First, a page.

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CHARLOTTE, N.C. — Non-profit staffers, students, activists and other community members across the Carolinas are preparing to attend this month’s Creating Change (, the annual conference of the National Gay & Lesbian Task Force.

This year, the event will be held in Atlanta, slated for the last weekend in January. The conference, the largest of its kind, draws about 3,500 people from across the country each year. The 2013 event marks the conference’s 25th anniversary.

Laurie Pitts, programs and services director for Charlotte’s Time Out Youth, is among several non-profit staffers across the state planning on attending the Atlanta event.

Pitts attended the conference for the first time last year.

“I loved it and I learned so much,” Pitts said. “It’s an excellent place for folks who identify as or work with LGBTQ folks and youth, in particular.”

Pitts said the conference gave her an opportunity to meet and network with professionals and community volunteers doing work similar to hers.

“Normally, we do this work in a bubble, because we often are the only agency around that has been doing this for,” she said. “It was really great to get other perspectives from agencies that have been around for a while and do things a little differently.”

James Miller, executive director of the LGBT Center of Raleigh, is also attending the conference. He’s taking at least one board member and a volunteer and two students from a local high school’s gay-straight alliance.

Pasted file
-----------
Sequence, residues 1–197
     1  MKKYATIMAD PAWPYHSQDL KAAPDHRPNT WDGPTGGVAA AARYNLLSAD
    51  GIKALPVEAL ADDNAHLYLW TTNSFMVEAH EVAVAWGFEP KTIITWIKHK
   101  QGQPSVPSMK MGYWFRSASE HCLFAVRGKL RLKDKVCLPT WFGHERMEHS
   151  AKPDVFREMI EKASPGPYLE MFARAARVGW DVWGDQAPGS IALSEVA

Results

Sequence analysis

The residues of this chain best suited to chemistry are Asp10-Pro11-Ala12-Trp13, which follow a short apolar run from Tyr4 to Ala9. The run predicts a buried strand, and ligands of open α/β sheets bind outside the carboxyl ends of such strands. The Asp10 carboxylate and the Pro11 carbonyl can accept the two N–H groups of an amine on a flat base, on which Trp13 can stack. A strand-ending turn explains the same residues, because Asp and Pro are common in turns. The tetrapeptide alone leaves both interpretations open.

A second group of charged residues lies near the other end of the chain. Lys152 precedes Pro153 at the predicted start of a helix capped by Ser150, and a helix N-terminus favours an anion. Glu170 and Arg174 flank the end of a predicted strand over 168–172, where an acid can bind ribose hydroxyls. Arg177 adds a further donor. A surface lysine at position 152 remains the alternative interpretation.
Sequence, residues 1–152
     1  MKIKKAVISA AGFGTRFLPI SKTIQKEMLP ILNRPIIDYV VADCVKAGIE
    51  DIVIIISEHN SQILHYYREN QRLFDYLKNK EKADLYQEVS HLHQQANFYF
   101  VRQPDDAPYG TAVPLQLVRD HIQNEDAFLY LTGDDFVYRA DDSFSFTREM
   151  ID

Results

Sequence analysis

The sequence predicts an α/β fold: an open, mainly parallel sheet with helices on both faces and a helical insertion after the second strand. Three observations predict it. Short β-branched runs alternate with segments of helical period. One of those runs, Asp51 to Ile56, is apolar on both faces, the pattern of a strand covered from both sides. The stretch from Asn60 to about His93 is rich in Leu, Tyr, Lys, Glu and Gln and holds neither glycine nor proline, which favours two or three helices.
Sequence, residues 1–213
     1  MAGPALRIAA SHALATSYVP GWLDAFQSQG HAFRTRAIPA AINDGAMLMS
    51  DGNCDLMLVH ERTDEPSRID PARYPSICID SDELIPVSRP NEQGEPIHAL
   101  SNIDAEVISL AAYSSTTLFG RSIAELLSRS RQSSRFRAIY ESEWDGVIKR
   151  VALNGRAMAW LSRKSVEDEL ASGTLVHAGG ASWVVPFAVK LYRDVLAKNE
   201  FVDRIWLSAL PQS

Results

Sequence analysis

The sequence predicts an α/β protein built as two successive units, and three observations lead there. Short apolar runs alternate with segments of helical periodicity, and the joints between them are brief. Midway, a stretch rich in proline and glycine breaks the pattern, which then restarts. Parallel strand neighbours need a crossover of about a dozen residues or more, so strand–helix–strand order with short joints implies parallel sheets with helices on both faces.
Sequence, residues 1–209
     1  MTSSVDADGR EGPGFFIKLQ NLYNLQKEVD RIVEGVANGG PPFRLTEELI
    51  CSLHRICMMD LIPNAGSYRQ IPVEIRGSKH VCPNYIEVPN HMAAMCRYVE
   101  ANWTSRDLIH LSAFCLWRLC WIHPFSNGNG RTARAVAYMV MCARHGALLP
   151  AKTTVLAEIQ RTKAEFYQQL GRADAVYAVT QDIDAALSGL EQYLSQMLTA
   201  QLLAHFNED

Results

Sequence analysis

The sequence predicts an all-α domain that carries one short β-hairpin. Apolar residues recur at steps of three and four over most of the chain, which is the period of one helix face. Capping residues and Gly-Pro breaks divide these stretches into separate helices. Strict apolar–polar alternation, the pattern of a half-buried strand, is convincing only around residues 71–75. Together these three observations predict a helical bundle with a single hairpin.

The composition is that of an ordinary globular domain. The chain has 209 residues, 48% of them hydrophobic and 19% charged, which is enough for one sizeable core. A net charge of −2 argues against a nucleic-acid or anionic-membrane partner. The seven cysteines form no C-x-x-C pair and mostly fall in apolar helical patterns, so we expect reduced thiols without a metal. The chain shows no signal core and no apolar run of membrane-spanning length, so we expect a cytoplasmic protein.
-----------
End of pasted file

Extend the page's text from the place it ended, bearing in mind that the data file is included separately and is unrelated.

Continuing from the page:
“It is and forever will be the premier networking event on my calendar,” Miller said of the conference. “I am able to envelop myself with such esteemed leaders in the LGBT movement.”

Miller first started attending Creating Change conferences several years ago. Last year’s event in Baltimore was the first time he attended as an executive director of a non-profit. He said the conference has been a helpful resource in his development as a leader.

“There is no better way to cultivate relationships than this face-to-face conference and you get to come away with tons of resources that you never might have known otherwise,” Miller said.

Pitts will be accompanied by Time Out Youth’s newest staff member, Micah Johnson, who works as the group’s director of school outreach and gay-straight alliance support.

Pitts said the conference will give her and Johnson opportunities for conversations that aren’t usually possible at home.

“I’m excited for just having these conversations and seeing how other agencies are dedicated to being youth-run and youth-directed,” Pitts said. “It’s a really great meeting of the minds that doesn’t happen, especially in this area. It’s not likely that I’m going to be able to sit down with 100 folks who do some version of this work and have this conversation. It just doesn’t happen here.”

Other groups across the Carolinas are also planning to attend. South Carolina Equality Executive Director Ryan Wilson is planning to head to Atlanta with two interns and Columbia’s Harriet Hancock LGBT Center is taking seven youth leaders and six board members.

Campus Pride, a Charlotte-based national non-profit, will also be in Atlanta. On Thursday, Campus Pride Executive Director Shane Windmeyer, staffer Jess McDonald and others will lead a day-long seminar for LGBT college students. The group is also providing funding through an Alliance For Full Acceptance grant to help several Carolinas-area students attend the conference.

Stay tuned to qnotes and for more coverage of the upcoming Creating Change conference. From Jan. 24-27, check in for exclusive interviews and features from the conference, including interviews with local and regional leaders and features with national LGBT movement leaders.

Matt Comer previously served as editor from October 2007 through August 2015 and as a staff writer afterward in 2016.